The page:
Schools in Washington to remain closed rest of school year
COVID-19 in Washington: Links and resources to help you during coronavirus pandemic

Puyallup woman is Pierce County’s first death related to COVID-19

Data pix.

PUYALLUP, Wash. -- A woman in her 50s became the first person to die in Pierce County because of complications related to COVID-19, health officials said.

According to the Tacoma-Pierce County Health Department, the Puyallup woman was admitted into MultiCare Good Samaritan Hosptial on March 6. She died less than two weeks later.

The woman had multiple underlying health conditions, officials said.

“Our hearts go out to the woman’s friends, family and the many people who know and cared about her in the Puyallup community,” said Tacoma-Pierce County Health Department Director of Health Anthony L-T Chen, MD, MPH.  “This underscores the threat COVID-19 poses to our county, our state and the world. We all must do our part to prevent the spread.”

The Health Department planned to give more information at a 1:00 p.m. news conference Wednesday.

More than 50 people have died from coronavirus in Washington state as of March 18.

Here's more information on COVID-19 from the Tacoma-Pierce County Health Department:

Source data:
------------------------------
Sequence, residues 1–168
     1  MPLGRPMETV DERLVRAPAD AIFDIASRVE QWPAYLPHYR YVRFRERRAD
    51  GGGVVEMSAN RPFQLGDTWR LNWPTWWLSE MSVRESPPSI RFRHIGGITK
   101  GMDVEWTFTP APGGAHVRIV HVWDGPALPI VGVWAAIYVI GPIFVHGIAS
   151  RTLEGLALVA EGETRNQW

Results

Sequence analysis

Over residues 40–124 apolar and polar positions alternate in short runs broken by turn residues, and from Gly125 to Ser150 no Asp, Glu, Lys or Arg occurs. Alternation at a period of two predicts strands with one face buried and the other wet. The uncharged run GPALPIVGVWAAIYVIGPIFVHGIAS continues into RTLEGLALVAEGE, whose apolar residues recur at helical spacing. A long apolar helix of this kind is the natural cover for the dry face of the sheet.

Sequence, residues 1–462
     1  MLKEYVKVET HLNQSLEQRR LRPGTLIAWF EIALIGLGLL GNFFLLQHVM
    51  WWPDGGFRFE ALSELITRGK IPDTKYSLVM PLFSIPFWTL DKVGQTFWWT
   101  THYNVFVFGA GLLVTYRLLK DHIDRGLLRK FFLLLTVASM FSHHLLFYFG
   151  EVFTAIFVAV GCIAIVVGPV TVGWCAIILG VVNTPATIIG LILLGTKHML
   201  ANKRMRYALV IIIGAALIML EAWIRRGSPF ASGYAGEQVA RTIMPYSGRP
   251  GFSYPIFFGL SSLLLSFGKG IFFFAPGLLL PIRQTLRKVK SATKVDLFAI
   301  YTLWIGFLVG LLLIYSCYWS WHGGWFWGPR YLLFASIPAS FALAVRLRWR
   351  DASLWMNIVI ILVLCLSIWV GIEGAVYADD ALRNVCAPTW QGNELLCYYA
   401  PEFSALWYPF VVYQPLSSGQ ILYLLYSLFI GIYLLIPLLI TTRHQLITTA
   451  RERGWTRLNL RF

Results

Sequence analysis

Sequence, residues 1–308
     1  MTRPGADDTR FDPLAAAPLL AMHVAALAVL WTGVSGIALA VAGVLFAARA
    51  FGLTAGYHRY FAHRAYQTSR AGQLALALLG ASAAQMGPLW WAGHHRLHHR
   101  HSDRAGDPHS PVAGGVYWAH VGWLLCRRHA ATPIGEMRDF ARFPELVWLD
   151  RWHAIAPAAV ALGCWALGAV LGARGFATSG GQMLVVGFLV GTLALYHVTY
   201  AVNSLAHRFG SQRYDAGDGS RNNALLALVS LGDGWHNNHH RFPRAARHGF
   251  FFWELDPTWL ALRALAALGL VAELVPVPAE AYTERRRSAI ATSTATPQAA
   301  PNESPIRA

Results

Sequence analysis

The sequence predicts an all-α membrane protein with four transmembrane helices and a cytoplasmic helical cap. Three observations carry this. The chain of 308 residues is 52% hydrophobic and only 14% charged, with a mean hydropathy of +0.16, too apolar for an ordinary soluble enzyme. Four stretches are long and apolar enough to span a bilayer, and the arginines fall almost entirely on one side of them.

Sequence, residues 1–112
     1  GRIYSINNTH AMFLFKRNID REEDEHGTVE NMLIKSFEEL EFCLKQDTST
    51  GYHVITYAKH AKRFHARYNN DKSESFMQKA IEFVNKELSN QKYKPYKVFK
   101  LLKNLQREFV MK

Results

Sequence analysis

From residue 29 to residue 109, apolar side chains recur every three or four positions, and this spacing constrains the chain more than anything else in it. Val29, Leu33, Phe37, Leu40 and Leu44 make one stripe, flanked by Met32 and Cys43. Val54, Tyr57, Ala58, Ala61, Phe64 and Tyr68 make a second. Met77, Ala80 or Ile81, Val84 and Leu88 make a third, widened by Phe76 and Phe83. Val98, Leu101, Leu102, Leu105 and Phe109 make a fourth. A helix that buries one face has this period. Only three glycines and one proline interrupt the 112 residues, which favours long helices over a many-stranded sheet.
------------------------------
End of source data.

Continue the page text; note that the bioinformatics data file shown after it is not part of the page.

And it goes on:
Am I at risk? 
The current risk of COVID-19 in Washington is increasing. Public health is identifying more positive cases of the disease in the state. These increasing cases suggest the disease is spreading in Washington. As we continue to test more people, we expect to find more positive cases. People most at risk traveled internationally to an affected area and have symptoms:
Cough.
Fever.
Shortness of breath.
If you think you were at risk of exposure to COVID-19, call ahead before you go to your healthcare provider, urgent care, or the emergency department.  

What can I do to protect myself from COVID-19? 
Currently, no vaccine exists for COVID-19. You can take steps to protect yourself and people around you from this and other diseases:
Wash your hands often with soap and water for at least 20 seconds.
Avoid touching your eyes, nose, or mouth with unwashed hands.
Avoid close contact with people who are sick.
Avoid close contact with others.
Cover your mouth and nose with a tissue when you cough or sneeze. Throw the tissue in the trash and wash your hands.
Clean and disinfect objects and surfaces.
Stay at home and away from others if you are sick.
It’s cold and flu season. These more common respiratory illnesses have affected our communities—especially the flu. So far this season, 10 adults and two children have died from flu-related complications. The flu vaccine is your best protection against the flu. It’s not too late to get your flu shot. Learn more at http://www.tpchd.org/flu. 

What are coronaviruses? 
Coronaviruses aren’t new. They form a large family of viral illnesses that includes the common cold. Experts have not previously identified the coronavirus in the current outbreak. We continue to learn more about it. 

How do coronaviruses spread? 
The most common ways human coronaviruses spread:
Coughing and sneezing.
Contact with a sick person—within six feet—for 10 minutes or more.
Contact with an object or surface with the virus on it, then touching your mouth, nose, or eyes before washing your hands.

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